Independent power producer Lekela Power recently completed the closing of the fundraising for its West Bakr wind project in the locality of Ras Ghareb. The plant will produce 250 MW.
With the recent completion of a fundraising campaign, Lekela Power has just taken a new step forward in the implementation of its West Bakr wind project, located in the locality of Ras Ghareb. This independent power producer (IPP), a joint venture between the British investment fund Actis and Mainstream Renewable Power, has obtained financing for its project from several financial partners, including the US government’s Overseas Private Investment Corporation (OPIC), the International Finance Corporation (IFC) and the European Bank for Reconstruction and Development (EBRD).
With “Ras Ghareb Wind Farm” being our first project in Egypt, we have enjoyed working closely with our partners and other stakeholders, including the Egyptian Electricity Transmission Company (EETC) and the New and Renewable Energy Authority, to achieve this goal. We see the great opportunity to invest in wind energy in Egypt, and we look forward to working in this country for many years,” says Lekela Power.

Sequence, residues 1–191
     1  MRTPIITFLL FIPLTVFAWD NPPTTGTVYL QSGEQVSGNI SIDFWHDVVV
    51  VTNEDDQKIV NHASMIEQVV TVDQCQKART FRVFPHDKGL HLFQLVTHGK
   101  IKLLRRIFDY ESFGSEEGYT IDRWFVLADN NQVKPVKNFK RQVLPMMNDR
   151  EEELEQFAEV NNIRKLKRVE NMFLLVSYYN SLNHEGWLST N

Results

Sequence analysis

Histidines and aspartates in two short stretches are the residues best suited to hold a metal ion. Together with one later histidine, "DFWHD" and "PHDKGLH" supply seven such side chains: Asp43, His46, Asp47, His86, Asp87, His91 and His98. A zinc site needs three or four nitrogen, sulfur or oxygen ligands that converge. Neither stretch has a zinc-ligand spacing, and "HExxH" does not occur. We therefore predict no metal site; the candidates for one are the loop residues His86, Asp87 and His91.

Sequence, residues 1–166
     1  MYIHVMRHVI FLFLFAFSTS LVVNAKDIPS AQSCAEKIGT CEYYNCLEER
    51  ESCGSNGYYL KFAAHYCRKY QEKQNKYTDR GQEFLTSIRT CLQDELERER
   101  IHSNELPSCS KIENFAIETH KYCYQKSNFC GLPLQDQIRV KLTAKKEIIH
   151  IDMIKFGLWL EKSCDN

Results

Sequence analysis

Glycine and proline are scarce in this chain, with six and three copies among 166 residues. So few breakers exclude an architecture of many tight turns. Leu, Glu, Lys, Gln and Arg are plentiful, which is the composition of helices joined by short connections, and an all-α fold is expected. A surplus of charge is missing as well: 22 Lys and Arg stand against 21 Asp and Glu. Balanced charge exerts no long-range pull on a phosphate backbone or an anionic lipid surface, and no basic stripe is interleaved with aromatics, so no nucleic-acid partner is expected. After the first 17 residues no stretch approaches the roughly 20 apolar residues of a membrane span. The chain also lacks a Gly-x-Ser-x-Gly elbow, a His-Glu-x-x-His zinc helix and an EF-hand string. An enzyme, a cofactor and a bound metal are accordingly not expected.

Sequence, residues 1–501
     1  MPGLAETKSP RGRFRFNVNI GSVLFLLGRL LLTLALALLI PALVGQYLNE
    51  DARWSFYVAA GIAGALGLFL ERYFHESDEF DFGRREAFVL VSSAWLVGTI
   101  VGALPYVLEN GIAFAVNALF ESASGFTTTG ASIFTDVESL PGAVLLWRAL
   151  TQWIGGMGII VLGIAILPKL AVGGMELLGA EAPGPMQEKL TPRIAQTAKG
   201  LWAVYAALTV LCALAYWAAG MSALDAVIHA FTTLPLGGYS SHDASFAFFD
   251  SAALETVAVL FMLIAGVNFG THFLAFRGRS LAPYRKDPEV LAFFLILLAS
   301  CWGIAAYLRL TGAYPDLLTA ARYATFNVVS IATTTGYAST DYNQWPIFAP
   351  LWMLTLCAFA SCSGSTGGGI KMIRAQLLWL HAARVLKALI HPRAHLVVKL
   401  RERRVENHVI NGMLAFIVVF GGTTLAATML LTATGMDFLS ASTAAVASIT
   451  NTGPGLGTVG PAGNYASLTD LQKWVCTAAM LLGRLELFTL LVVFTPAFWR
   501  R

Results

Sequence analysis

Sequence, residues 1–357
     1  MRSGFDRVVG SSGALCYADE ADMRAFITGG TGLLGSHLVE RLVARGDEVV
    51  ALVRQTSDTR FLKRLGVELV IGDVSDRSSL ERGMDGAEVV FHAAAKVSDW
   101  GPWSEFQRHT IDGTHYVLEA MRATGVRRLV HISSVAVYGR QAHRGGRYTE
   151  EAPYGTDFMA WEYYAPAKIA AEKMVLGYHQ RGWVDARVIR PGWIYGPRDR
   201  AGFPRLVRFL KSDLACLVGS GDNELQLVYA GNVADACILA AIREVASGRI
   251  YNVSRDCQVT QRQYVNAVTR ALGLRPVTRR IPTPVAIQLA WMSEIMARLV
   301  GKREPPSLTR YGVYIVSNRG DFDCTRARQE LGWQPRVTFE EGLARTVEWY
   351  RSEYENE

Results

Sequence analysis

The construction entrusted to the German, Siemens
After the fundraising, Lekela Power will soon start construction of the Ras Ghareb wind farm. The Engineering, Procurement and Construction (EPC) contract was awarded to the German company Siemens Gamesa Renewable Energy. It will install 96 of its SG 2.6-114 turbines. These will provide a total of 250 MW by 2021, a quantity of energy that will supply 350,000 Egyptian households. The contract provides that Siemens will maintain the installation over a period of 15 years.w
The electricity produced in Ras Ghareb will be sold to EETC, which is linked to Lekela by a 20-year power purchase agreement (PPA). The Gulf of Suez wind is not only favourable for the operation of wind turbines, it is also favourable for migratory birds that leave Europe to spend the winter in Africa, in the Great Lakes region. Wind turbines could be a danger to them, and Lekela Power has taken this risk into account.
The IPP is planning to participate in a “shut down on demand” programme, which means that the turbines can be shut down as soon as birds are detected. Lekela Power also supports the Egyptian Environmental Affairs Agency’s Migratory Soaring Birds project. It is a training programme in the monitoring of migratory birds.
Jean Marie Takouleu